Palin has sent unmistakable signals that she is open to running for president in 2012, but to advance her political ambitions, she must stay in the public eye in the lower 48 states.

As with any celebrity, there is the risk of overexposure. At the same time, she’ll be under pressure to attend to governing her home state, which is thousands of miles from the rest of the nation.

“She has to deal with the perception that she bobbled her debut,” said Claremont McKenna College political scientist John Pitney. “She needs to stay home for a while. If she wants a future in national politics, her No. 1 job is doing a good job as governor.”

Just this week, shortly after conducting a string of national TV interviews and skipping a state education conference, she was scolded by the Anchorage Daily News.

“There are … low graduation rates, plummeting North Slope oil prices, proposals to build alternative energy projects, the gas pipeline,” the paper said in an editorial. “It’s time for the governor to refocus on Alaska’s needs.”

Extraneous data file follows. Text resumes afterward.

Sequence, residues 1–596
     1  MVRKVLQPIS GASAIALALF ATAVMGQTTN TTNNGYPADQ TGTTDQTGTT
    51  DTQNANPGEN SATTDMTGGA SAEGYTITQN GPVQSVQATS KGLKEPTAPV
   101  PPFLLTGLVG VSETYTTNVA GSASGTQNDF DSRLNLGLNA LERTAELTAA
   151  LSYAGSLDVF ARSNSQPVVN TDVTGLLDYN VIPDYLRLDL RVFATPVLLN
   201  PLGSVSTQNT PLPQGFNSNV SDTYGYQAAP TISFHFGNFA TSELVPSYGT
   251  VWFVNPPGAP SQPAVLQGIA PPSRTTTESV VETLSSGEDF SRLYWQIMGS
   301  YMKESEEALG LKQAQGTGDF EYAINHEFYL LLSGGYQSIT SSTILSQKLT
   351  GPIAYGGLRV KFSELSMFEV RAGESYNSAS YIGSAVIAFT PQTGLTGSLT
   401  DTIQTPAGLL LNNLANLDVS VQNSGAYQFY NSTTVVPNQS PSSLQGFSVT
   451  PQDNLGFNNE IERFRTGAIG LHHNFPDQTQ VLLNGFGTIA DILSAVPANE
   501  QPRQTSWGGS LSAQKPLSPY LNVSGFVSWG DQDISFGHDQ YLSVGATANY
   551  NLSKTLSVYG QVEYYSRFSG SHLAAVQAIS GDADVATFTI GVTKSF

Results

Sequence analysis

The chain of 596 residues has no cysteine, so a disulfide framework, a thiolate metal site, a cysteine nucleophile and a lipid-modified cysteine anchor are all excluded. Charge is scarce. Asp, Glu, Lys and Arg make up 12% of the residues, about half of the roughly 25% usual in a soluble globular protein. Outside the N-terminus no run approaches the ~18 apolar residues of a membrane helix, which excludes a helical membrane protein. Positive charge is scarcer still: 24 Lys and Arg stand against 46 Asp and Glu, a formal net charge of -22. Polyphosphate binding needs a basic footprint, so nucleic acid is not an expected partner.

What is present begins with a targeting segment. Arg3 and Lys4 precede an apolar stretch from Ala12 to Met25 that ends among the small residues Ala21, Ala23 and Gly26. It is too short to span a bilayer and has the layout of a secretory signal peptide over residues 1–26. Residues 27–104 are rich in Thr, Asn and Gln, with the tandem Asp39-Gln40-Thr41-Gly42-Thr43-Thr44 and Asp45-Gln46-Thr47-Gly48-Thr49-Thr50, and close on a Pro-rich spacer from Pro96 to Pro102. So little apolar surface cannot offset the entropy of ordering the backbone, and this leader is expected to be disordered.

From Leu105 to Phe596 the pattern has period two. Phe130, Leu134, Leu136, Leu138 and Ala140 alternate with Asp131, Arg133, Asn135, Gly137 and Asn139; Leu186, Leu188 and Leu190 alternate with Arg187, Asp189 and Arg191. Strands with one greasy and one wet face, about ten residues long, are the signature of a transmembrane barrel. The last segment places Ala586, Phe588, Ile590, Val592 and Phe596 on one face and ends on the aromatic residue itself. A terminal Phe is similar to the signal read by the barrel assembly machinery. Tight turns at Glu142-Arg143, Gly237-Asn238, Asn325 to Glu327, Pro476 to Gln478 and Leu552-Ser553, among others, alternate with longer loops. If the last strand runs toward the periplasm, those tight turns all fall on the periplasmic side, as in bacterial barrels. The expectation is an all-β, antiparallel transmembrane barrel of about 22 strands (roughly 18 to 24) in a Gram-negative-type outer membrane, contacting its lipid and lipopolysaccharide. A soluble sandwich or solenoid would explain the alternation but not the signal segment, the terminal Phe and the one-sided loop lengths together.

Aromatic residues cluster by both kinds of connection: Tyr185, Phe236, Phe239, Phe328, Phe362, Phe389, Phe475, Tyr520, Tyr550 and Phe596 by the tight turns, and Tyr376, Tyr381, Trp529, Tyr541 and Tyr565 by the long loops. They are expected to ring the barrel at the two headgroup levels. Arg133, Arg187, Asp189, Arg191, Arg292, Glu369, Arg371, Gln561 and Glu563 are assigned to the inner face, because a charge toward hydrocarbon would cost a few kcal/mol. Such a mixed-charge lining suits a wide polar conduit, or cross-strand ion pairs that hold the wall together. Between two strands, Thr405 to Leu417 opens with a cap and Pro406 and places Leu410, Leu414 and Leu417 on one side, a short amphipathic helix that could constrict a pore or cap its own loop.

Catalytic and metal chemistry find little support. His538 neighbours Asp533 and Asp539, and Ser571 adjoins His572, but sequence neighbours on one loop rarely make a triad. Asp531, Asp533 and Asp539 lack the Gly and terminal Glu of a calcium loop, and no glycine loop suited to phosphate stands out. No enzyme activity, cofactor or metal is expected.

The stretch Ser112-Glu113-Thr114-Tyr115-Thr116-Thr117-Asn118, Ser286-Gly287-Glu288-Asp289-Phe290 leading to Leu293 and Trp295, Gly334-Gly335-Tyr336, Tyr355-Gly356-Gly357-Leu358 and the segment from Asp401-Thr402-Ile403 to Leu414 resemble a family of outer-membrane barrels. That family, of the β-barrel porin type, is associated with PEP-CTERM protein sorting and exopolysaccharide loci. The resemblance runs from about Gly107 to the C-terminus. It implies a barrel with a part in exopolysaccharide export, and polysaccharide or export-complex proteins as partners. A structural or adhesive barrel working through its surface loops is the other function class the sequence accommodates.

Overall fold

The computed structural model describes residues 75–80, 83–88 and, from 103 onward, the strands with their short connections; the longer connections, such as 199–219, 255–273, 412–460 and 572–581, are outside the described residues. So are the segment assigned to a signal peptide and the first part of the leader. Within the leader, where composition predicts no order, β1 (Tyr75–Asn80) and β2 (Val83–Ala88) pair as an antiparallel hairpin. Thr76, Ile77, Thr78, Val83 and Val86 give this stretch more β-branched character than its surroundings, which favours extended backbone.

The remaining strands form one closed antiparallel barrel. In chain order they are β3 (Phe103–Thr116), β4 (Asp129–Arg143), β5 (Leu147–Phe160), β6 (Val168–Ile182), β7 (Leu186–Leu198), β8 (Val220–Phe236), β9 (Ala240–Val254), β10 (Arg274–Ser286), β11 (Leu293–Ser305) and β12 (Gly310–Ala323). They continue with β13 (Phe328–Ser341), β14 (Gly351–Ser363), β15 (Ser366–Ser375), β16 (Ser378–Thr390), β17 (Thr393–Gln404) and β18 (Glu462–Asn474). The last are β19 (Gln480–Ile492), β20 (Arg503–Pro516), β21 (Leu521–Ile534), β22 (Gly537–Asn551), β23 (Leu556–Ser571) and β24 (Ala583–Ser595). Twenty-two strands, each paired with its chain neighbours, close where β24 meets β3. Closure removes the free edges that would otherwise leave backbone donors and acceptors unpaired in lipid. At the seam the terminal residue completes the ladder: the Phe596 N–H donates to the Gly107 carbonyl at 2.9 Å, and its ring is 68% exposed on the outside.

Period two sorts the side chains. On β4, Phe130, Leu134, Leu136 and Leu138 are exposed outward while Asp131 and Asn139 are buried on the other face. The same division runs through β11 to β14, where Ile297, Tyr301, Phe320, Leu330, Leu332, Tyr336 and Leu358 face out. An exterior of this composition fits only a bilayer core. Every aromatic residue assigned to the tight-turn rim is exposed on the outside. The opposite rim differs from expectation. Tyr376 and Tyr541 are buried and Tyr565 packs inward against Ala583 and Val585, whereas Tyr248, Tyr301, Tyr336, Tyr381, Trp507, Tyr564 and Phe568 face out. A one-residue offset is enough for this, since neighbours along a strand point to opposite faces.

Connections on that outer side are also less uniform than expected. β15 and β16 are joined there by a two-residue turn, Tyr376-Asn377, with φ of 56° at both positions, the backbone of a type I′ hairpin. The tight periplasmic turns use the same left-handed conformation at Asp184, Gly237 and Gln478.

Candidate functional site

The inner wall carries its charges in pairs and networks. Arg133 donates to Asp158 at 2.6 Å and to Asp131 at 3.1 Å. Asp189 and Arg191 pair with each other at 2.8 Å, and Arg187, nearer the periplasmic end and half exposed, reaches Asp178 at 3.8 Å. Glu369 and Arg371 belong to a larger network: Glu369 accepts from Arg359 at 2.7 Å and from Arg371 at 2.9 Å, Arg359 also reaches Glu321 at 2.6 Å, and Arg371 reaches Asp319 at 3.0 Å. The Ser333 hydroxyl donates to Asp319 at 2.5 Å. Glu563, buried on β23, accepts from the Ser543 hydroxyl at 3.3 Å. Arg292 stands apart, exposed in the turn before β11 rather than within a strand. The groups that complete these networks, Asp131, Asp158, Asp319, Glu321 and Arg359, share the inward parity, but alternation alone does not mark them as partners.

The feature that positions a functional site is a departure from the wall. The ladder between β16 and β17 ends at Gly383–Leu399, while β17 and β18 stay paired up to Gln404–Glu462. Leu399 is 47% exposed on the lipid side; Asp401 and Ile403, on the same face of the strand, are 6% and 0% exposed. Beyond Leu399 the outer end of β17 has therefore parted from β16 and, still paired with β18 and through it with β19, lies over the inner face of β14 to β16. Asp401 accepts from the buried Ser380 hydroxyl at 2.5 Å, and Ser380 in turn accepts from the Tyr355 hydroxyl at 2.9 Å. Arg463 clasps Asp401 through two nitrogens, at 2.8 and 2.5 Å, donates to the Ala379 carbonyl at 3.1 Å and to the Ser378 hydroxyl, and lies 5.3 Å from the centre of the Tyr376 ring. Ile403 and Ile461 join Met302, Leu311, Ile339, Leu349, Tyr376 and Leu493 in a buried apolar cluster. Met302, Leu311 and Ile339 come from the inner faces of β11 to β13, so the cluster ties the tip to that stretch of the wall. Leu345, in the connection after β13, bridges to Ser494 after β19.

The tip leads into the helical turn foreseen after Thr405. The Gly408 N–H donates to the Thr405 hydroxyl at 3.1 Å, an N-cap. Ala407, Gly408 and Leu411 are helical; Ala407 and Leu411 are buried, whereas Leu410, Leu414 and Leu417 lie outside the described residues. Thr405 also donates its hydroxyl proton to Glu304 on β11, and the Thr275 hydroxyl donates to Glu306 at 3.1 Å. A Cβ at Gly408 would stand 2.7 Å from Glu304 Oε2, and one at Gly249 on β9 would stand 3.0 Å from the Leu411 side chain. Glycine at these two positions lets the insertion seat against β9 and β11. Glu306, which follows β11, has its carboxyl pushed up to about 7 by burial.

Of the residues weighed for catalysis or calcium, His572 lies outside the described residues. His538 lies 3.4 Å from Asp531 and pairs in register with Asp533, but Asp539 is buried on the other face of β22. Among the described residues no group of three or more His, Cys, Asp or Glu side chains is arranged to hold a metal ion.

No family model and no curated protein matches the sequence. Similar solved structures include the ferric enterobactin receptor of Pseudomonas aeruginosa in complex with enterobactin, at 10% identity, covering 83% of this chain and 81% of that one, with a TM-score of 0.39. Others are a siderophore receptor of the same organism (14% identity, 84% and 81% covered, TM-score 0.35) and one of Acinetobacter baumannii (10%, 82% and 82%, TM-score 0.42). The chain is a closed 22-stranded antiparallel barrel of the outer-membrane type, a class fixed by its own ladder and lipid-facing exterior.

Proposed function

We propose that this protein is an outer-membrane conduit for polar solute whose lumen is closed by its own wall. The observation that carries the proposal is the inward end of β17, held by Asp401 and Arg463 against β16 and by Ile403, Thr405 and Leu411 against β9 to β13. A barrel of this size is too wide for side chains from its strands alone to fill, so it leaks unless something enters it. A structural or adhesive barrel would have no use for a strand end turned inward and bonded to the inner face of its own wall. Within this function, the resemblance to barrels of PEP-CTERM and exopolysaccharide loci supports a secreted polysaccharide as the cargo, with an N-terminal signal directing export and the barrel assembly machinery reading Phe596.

Source: CNN
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Famous for being famous! This election was amazing in that the things which were first said to hurt Obama – came back in the end to help defeat McCain – for example, Obama’s ability to attract large crowds – would go on to mean he would attract 200,000 plus in Germany – but rather than admit this was a great accomplishment (given Germany’s history) – Republicans chose to deride it – saying that Barack Obama was merely a celebrity – not to be taken seriously. Enter Sarah Palin, who for some really is a celebrity – who literally doesn’t know enough – to put together a concise argument on any number of critical issues – important to those seeking the highest office. Without substance Sarah Palin becomes famous for being famous – a celeb politician – who ‘ain’t in it for naught’.

She failed to save John McCain from presidential election doom, but Sarah Palin, the Republican senator’s controversial running mate, may yet emerge as the saviour of the American publishing industry. Literary agents are queueing up to sign her to a book deal that could earn her up to $7m.